Ritwik Ghatak’s searing Subarnarekha (1965) is considered part of his Partition trilogy, and is placed alongside Meghe Dhaka Tara (1960) and Komal Gandhar (1961) as the movies that explore the unhealed wounds caused by the Partition of Bengal in 1947.

The Partition shadowed Ghatak throughout his tragically short life (lost to bouts of insanity and alcohol) and haunted his movies beyond this triptych. His rootless characters, forever in search of happiness, stability and meaning, have unmistakably emerged out of the great rupture of history, which created two nations at the time of independence and caused immeasurable agony across the subcontinent.

In Subarnarekha, the Partition uproots Ishwar (Abhi Bhattacharya) and his young sister Sita (Madhabi Mukherjee), leaving in Ishwar a lifelong obsession to call a new place home. Ishwar seems to have found his abode in the remote Chhatimpur village near the Subarnarekha river, where he manages a rice mill and watches his beloved sister grow into a woman against a stone-filled landscape.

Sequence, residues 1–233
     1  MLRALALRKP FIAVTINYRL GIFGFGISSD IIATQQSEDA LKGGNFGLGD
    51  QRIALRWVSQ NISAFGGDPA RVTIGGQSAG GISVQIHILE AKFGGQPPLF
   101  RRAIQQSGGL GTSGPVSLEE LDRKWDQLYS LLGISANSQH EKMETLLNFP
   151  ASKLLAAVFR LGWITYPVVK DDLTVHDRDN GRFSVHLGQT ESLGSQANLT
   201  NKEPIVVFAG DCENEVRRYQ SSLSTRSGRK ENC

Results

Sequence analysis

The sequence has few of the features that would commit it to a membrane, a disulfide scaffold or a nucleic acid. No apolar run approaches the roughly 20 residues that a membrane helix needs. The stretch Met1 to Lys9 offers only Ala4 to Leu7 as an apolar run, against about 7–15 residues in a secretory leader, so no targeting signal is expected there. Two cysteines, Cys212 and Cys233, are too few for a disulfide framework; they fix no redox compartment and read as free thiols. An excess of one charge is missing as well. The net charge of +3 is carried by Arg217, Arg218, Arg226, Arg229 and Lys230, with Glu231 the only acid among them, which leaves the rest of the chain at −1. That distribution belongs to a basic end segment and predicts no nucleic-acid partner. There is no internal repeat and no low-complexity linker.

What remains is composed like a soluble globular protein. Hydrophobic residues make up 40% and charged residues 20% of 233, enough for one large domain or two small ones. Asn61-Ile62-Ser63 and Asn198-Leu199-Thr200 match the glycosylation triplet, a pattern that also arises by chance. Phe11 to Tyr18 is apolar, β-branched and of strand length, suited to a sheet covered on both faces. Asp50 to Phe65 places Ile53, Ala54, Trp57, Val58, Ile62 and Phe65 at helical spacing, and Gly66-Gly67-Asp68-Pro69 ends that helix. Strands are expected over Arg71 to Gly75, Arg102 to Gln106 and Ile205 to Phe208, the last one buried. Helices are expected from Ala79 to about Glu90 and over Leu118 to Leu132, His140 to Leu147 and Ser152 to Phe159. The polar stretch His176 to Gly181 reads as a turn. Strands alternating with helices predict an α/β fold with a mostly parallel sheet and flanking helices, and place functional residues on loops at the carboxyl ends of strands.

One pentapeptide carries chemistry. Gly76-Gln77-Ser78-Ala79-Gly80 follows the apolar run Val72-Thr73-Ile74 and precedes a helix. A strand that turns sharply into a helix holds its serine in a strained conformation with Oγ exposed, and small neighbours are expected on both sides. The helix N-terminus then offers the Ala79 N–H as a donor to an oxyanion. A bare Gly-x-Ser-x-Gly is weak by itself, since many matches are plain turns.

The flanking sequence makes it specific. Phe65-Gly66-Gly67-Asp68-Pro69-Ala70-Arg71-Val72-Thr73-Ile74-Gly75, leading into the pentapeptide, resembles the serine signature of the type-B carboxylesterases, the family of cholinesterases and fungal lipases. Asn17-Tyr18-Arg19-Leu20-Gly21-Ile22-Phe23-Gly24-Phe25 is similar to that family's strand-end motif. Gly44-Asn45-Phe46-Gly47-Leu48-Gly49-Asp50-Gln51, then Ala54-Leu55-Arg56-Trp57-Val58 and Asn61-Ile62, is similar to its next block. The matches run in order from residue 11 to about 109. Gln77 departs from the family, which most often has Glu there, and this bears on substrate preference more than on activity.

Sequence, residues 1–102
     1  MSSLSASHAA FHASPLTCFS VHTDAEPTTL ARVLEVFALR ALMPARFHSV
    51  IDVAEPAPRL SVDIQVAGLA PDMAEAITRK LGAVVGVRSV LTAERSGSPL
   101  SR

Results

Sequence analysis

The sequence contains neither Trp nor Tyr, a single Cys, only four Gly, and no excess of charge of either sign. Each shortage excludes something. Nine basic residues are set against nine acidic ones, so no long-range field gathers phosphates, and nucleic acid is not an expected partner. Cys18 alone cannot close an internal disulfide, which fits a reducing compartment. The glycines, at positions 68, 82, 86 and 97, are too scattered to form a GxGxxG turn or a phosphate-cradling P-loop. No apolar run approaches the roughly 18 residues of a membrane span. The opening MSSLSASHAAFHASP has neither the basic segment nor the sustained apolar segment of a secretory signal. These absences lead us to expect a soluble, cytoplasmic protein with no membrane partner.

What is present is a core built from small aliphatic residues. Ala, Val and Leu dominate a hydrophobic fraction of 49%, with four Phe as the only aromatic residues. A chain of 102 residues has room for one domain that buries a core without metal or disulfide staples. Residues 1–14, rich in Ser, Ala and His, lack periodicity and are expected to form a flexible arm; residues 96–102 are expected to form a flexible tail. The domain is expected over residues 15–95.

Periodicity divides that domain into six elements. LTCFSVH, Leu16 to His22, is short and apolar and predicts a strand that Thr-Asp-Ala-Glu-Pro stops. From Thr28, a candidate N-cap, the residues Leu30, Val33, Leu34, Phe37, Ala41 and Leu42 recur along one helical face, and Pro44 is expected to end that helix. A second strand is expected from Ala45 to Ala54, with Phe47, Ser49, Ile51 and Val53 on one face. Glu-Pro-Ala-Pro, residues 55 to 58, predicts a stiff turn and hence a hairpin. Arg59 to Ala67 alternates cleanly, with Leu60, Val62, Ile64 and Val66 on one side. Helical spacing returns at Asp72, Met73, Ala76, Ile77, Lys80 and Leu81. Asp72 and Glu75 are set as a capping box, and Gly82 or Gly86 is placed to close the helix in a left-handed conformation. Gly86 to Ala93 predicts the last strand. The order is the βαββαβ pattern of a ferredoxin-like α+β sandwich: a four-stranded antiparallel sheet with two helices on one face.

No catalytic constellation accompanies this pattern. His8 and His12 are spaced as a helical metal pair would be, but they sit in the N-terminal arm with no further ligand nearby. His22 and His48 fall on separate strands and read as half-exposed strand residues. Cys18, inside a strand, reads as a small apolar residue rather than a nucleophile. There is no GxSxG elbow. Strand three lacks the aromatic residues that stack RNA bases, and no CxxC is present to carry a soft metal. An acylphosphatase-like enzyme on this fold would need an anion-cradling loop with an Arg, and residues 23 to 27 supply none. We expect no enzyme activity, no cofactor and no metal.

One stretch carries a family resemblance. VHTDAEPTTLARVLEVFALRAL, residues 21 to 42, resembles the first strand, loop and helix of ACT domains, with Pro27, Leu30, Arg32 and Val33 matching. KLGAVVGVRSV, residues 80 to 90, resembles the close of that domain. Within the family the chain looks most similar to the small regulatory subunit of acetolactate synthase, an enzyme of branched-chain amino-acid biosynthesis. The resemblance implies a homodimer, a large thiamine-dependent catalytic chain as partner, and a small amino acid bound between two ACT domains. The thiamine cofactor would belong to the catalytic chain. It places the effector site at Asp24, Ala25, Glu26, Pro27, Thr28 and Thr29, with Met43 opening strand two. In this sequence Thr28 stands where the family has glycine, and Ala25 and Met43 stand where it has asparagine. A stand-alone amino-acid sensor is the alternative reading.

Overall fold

Sita, a gentle force that mitigates the harshness of the surroundings, is blessed with a beautiful voice. She hums a few classical tunes, but the song she keeps returning to is Rabindrasangeet: Aaj Dhaaner Khete Raudra Chaayyaayye Lukochuri Khelaa. She learns the song as a young girl, and it gains talismanic force as she grows older. She associates Aaj Dhaaner Khete, a celebration of the play of light and shadow on a paddy field, with Aviram, an abandoned lower-caste boy whom Ishwar has adopted, and to whom she has lost her heart.

The song isn’t depicted in a traditional way, but emerges at crucial points in the story. The first version plays out on the abandoned airstrip where Sita can often be found. In the second, she passes on the song to her son Binu. The third rendition is by Binu, who longs to visit the place that his mother called home.

Bahadur Khan’s score plays a subtle role in Subarnarekha. The job offer to leave Kolkata and settle in Chhatimpur follows a music performance. A tanpura is Sita’s only prized possession, and despite her endless woes, her music keeps her going. Why do you always sing sad songs, Ishwar asks her at one point. She does hum the more uplifting Aaj Ki Ananda to celebrate her love for Aviram, but the long shadows cast by the Partition eventually reach her doorstep.

Music reunites the siblings in the tragic climax, and it is Aaj Dhaaner Khete that eventually endears Binu to Ishwar. The child’s innocent singing gives the gutted Ishwar a glimmer of hope. The search of yet another new home begins all over again.

Aaj Dhaaner Khete from Subarnarekha (1965).